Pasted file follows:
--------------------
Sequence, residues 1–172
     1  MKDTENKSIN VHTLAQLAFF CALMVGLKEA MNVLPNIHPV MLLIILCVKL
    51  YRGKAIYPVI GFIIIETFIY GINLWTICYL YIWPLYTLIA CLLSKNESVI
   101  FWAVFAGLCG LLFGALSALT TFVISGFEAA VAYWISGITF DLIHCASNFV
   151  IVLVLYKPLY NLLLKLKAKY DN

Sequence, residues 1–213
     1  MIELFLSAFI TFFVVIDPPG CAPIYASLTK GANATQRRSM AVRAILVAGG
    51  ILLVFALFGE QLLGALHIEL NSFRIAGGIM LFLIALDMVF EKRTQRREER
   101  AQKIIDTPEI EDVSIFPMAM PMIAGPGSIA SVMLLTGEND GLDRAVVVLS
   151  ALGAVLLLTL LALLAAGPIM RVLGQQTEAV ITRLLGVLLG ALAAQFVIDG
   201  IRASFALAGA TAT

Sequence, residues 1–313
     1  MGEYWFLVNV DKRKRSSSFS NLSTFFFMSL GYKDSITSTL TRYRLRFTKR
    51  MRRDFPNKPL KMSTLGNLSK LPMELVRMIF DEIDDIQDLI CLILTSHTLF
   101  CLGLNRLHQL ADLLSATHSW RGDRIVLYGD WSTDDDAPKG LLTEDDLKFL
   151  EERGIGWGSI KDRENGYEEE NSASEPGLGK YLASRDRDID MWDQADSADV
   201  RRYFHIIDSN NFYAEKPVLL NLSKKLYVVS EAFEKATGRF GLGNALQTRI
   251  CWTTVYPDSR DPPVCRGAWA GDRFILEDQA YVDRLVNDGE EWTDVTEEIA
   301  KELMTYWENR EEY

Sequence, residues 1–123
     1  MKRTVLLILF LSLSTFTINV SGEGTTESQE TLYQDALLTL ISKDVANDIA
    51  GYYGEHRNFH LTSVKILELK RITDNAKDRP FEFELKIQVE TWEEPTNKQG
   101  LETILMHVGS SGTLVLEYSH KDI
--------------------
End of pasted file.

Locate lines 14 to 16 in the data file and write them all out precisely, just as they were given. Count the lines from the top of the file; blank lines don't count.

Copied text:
    51  MRRDFPNKPL KMSTLGNLSK LPMELVRMIF DEIDDIQDLI CLILTSHTLF
   101  CLGLNRLHQL ADLLSATHSW RGDRIVLYGD WSTDDDAPKG LLTEDDLKFL
   151  EERGIGWGSI KDRENGYEEE NSASEPGLGK YLASRDRDID MWDQADSADV